OANA LUNGESCU: UNIAN, first row.
Q: News Agency UNIAN, Irina Somer. Secretary General after today meeting what exactly is your expectation from a meeting with President Poroshenko in Warsaw?
JENS STOLTENBERG: My expectation is that the meeting between NATO heads of state and government and President Poroshenko will once again confirm the strong commitment of NATO to continue to support Ukraine, to provide strong political support for Ukraine, for Ukraine’s sovereignty and territorial integrity, but also to continue to support Ukraine with practical support, advice, assistance, not least in helping Ukraine implementing reforms to modernize its defence and security sector. NATO allies are helping Ukraine in many different ways. We use the trust funds, we have advisors and we have agreed on the comprehensive assistance package. I also expect that the meeting will strongly underline the importance of that Ukraine continue to be strong when it comes to fighting corruption, to modernize its different government institutions and in particular the defence institutions. One element of that is to make sure that there is political democratic control over Ukrainian Armed Forces and these are one of the issues we discussed today.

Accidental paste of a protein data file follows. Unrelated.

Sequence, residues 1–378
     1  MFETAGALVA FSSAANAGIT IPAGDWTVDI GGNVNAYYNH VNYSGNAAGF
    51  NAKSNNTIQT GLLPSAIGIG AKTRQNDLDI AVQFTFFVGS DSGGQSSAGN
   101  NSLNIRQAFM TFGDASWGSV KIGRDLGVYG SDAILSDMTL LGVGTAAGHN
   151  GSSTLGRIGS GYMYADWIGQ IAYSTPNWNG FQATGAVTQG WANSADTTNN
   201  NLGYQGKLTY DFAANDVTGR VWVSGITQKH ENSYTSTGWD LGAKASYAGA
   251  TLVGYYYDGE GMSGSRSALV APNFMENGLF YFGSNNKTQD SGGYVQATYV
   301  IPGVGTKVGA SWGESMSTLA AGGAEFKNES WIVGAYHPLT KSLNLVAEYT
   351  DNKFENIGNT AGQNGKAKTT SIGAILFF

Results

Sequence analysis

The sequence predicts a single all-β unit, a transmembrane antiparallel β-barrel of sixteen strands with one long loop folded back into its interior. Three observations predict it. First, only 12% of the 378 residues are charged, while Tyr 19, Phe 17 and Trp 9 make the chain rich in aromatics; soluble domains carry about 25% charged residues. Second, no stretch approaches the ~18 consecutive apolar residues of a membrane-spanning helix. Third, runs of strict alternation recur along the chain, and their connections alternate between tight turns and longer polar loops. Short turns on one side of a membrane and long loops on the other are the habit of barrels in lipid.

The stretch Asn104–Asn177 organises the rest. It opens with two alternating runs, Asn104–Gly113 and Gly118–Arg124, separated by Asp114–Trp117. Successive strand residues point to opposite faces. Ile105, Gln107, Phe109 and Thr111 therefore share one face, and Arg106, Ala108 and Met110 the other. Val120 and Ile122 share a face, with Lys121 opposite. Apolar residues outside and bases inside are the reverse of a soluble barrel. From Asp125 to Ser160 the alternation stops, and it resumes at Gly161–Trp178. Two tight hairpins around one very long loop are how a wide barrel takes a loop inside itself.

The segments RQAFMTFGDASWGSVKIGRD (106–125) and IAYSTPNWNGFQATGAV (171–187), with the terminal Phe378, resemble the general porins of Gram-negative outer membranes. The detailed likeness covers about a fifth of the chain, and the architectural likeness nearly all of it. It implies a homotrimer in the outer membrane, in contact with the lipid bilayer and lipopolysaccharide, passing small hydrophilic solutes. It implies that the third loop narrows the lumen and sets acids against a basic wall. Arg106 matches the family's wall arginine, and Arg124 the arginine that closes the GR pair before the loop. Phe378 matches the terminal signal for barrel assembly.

OANA LUNGESCU: Lady in the second row.
Q: RBC Russian. Today the Ukraine and NATO Support and Procurement Agency signed a sales agreement on random brokerage services support to the Ukrainian Army. According to some Ukrainian and Russian media it’s an agreement on weapon supplies. Could you clarify it please?